WWD had a very in-depth article about Maria Grazia Chiurri’s process in developing this collection — scroll past the somewhat hokey lede and obligatory celeb coverage, and you’ll get a lot of details, though I can highlight some of them for you. Mostly, it’s a conversation about cultural appropriation vs. exchange, and actually, I’m going to jump to a British Vogue quote first:
“In this moment, there’s a lot of focus on cultural appropriation, but I think we have to explain how craftsmanship travels around the world; why it’s often so difficult to find the ‘real’ reference,” she said, referring to the pan-African Wax print fabrics that characterised the collection. “Wax started in Europe and moved through Asia, then back to Africa. We want to move our heritage in a contemporary way and give it a different attitude, and this material does that.”
That particular bite is intriguing to me because I see her point very clearly, but also can’t decide if she’s being insensitive in attempting to argue that stuff we think of as African doesn’t really belong to them– like is she taking away from African artisans and culture somehow, even if she’s correct — or if she’s simply giving voice to the often circular origins of ideas, and how they can intertwine, and how that can affect when something is appropriation and when it’s homage and influence. She obviously seemed committed to doing this collection in this place, and if I’m reading between all these lines, it seems like she put a lot of thought into whether she’d get roasted for it (she has not been, that I’ve seen, so that suggests she did it well). Which is ideal. If I had to choose between this approach and the one Victoria’s Secret would take, I mean, Chiurri wins every time. An informed perspective is always the way to go. I say that as someone who is not always tremendously informed and often wishes she were.
Vogue added this quote from a French anthropologist who collaborated on the project:
“It’s different to what has been done before because usually designers like the idea of what ‘looks African’ while they don’t provide work and do something which is really African. Maria Grazia’s point of view was to promote one-hundred percent African-made textile but not to make ‘an African style’. This collection can be worn by anyone because it’s about the connection between all the continents in the world.”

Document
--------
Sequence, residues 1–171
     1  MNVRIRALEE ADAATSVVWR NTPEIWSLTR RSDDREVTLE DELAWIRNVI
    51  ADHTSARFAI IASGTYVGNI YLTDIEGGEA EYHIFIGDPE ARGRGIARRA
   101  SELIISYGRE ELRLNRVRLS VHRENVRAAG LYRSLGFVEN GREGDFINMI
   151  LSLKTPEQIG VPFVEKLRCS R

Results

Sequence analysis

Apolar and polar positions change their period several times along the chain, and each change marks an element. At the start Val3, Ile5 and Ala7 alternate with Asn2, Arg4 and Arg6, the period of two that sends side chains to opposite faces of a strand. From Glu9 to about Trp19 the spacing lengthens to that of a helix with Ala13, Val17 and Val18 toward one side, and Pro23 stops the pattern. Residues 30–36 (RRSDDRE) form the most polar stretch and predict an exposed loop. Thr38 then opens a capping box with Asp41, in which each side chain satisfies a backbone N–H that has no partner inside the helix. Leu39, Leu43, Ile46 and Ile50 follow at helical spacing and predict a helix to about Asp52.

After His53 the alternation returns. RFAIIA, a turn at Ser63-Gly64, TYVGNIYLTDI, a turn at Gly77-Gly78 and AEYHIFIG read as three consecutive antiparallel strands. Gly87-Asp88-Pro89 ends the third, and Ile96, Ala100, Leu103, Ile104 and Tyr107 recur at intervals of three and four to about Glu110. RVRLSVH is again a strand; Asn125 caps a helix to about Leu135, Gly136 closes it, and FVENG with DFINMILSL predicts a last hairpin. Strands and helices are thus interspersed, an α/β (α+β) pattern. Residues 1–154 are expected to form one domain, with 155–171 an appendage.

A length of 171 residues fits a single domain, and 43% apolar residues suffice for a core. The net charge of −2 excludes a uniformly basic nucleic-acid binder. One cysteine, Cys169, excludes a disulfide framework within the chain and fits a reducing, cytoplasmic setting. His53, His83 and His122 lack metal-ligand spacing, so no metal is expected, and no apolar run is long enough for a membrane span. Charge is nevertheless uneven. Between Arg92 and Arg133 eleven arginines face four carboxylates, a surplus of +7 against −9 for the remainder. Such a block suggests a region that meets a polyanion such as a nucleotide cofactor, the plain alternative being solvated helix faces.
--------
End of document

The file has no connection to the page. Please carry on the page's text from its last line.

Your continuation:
WWD has a lot of details on the artisans she worked with; I’ve condensed a little, but here you go:
“With this collection, I tried to speak about this world through collaborations because honestly I really believe, especially in craftsmanship, that there is a common ground,” Chiuri told WWD in a preview. “I think that if you move to another country to stage a show, you have to reflect about your codes, but also have a conversation with the whole continent,” she added.
In an unprecedented move for the house, she tapped a host of creatives to contribute looks to the show, among them London-based designer Grace Wales Bonner; American artist Mickalene Thomas; Pathé Ouédraogo, the Burkina Faso-born designer better known as Pathé’O, and local artisans. […] The designer made sure local women artisans were involved in almost every aspect of the three-day event. The set featured cushions covered with artisanal fabrics made by Sumano, an organization dedicated to preserving the know-how of female weavers and potters in Morocco. The Sumano artisans also designed the opening look, a cream-colored opera coat with henna-painted geometric motifs at the hem, and made the hand-painted plates that graced the tables at the welcome dinner. Central to the collection were the wax patterns designed by Uniwax, an Ivory Coast-based factory that is one of the last to produce the traditional fabric using artisanal techniques.
U.S. Vogue lauded it as a vision of “global feminism accessed through fashion.” I’d be very curious to hear Fug Nation’s take on the clothes and the process. Some of my favorite conversations we’ve had are about stuff like this; you all bring such intelligence and breadth of perspectives. Believe it or not, I did lightly edit the slideshow above, which would otherwise have topped 110 photos. If you want the FULL shebang, it’s on Vogue.com via that link in this paragraph.
I’ve decided to leave the slides blank because there are so many of them — it’s easier to just flip through without worrying about if I wrote a caption; you can use your arrow keys on your keyboard to do that even faster — but there are some truly stunning items in here, and I assume Jennifer Lawrence will be wearing some of them for the Dark Phoenix stuff.